ABU DHABI // Changes in the way Grade 12 examinations were weighted did not work, say some students angry with their results. New-style Grade 12 end-of-term examinations introduced last December had sparked a chorus of complaints from students, parents and teachers who said that the exams, designed to test analytical skills, were too difficult.
The Ministry of Education agreed to decrease the weight of first-term exams in calculating grades, and to better prepare students for end-of-year exams by providing sample questions and study keys. For some students, it does not seem to have helped. Yesterday, the ministry released the final end-of-year results for Grade 12 students, with only 62.6 per cent of students overall passing, leaving many of them dismayed.
Students pursuing the "literary stream" scored lowest, with a pass rate of 51.2 per cent, while students in the "scientific stream" fared better, with 81.6 per cent passing. Aisha al Marri, the director of the assessment and examination department at the MoE, cautioned that these numbers were not final because some students will be allowed to retake exams. The figures include home schoolers and adult learners, whose scores brought the overall averages down. Without them, there would have been a 74.3 per cent pass rate in the literary stream and an 83.2 per cent pass rate in the scientific stream.
Students in state schools outperformed those in private schools teaching the ministry curriculum - by nearly eight percentage points in the "scientific stream", and by a slim margin in the "literary stream". Some students blamed the results on the new exams. Shatha Abdelhakim from Yemen just completed Grade 12 at Al Muntaha High School in Abu Dhabi. A student in the scientific stream, Shatha said she was "shocked and upset" to learn that her overall average is 73 per cent.
She passed - the minimum is 60 per cent - but her mark restricts her options in university. "We've been destroyed by these exam results; our future is just destroyed," she said. "I cannot believe how much our averages have gone down in our final year of school because of exam papers that have nothing to do with what we study in school. What's the use of having books then, if our exam questions come out of nowhere?"
Shatha said many of her peers and classmates had had much higher expectations for their marks. "I know girls who are geniuses who have marks in the 70s and won't stop wailing," she said. Shatha said her mother spent the day crying, lamenting the fact that 12 years of education are being judged by just one set of exam papers. "All this hard work all year long is basically for nothing," said Shatha. "I was planning to study engineering and now I have no idea what I will do."
But not everyone was dismayed. Luma Dalbah, the highest-ranking student in the literary stream, with an overall average of 99.2 per cent, was elated. As one of the best-performing students, she received a congratulatory telephone call from the education minister, Humaid al Qatami. Born and raised in the UAE but with a Jordanian passport, Luma has been a student at the Rosary School in Abu Dhabi since kindergarten.
"We have never had to scold Luma and tell her to go study," said her mother, Amal Ayash. "She has a wonderful sense of responsibility, and never leaves things pending for the next day. She cares about her school lessons, and the fruit of her hard work has culminated with this wonderful call we got from the minister. We are so proud and thankful." Zeina Baalbaki, a Syrian student at Al Bateen Scientific School in Abu Dhabi, also has reason to celebrate. Zeina scored the highest total average for a 12th-grader in the MoE's 2008-2009 examinations. Her 99.4 per cent overall average in the scientific stream exceeded her highest expectations.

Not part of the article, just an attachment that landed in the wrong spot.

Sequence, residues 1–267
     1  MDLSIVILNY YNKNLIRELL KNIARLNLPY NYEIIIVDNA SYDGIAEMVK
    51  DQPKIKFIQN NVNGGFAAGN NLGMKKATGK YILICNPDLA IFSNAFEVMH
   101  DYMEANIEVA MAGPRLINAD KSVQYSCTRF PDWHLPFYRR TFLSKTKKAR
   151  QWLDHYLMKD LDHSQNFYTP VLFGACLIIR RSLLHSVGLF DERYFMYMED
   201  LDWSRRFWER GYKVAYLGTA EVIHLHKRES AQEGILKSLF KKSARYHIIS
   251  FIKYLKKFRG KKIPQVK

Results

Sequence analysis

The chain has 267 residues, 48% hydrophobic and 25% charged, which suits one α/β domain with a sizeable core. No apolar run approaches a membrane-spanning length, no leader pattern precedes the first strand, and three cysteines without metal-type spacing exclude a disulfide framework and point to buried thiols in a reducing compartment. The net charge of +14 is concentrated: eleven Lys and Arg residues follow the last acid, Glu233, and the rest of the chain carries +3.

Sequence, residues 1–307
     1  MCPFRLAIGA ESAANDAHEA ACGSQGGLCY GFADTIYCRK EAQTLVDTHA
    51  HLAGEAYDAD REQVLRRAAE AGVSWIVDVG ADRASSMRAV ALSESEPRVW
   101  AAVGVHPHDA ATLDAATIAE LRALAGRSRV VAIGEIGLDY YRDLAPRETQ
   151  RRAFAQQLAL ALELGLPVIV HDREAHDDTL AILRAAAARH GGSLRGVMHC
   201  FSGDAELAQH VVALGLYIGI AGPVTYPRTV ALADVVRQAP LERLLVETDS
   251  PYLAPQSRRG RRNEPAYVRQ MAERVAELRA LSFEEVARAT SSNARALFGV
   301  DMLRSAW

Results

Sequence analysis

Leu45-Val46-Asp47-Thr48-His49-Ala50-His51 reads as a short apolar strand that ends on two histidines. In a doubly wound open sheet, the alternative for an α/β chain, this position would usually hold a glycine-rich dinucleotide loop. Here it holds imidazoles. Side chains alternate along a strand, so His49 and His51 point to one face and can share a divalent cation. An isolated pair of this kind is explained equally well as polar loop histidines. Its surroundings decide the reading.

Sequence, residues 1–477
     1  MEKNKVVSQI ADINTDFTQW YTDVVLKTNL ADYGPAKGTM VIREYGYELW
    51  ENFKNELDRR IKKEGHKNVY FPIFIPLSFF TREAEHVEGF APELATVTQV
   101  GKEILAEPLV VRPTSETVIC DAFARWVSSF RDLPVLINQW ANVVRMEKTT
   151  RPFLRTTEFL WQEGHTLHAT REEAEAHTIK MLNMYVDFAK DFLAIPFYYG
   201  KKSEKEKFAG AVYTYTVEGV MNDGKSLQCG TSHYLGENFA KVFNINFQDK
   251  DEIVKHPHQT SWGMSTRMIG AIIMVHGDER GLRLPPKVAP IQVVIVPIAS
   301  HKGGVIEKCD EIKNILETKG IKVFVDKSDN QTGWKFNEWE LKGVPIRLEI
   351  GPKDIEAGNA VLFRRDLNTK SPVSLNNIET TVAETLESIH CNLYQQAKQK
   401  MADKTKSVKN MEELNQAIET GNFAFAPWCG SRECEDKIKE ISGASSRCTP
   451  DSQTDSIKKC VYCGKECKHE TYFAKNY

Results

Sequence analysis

"Honestly, while sitting for the exams, I felt that the questions really were strange and unexpected, and depended a lot on understanding and analysing, and not just memorizing what we were taught," said Zeina. "We students weren't used to it, and maybe some of us struggled. I guess I was more pessimistic than I needed to be." Salwa Amin, an Arabic teacher at Al Mawahib Model School in Abu Dhabi said that although the girls at her school did exceedingly well, they could have done better.
"Many of the students scored in the nineties and we are of course very proud of them, but there is no question that there are still some problems with the exam papers," said Ms Amin. "Students left the exams crying, especially after they sat for the chemistry exam, and said that there was not enough time to answer all the questions." "Of course, there is some improvement from last term, perhaps because the students are more prepared, but at the same time, they were not prepared enough."
Ms Amin believes that the sample questions provided to students on a Ministry of Education website were not posted early enough. "Teachers were teaching one thing and testing students one way, then the exam paper would come along and be something completely different. "Students go into the exam hall and are surprised by the new style of questions and then panic and don't do as well as they expect."
A report released last month by the Knowledge and Human Development Authority, the government agency that oversees Dubai schools, suggests that part of the problem with low student outcomes lies with the MoE curriculum itself. "Students are not well prepared for the courses and careers they will follow when they leave school," the report said. It also criticised the literary and scientific streams as being "too narrow in their scope" and do too little to "prepare students for study in higher education."
The report also pointed to other troubling revelations and concluded that schools teaching the MoE curriculum were lagging behind other curriculums used in Dubai schools in key areas such as maths, science and English. firstname.lastname@example.org email@example.com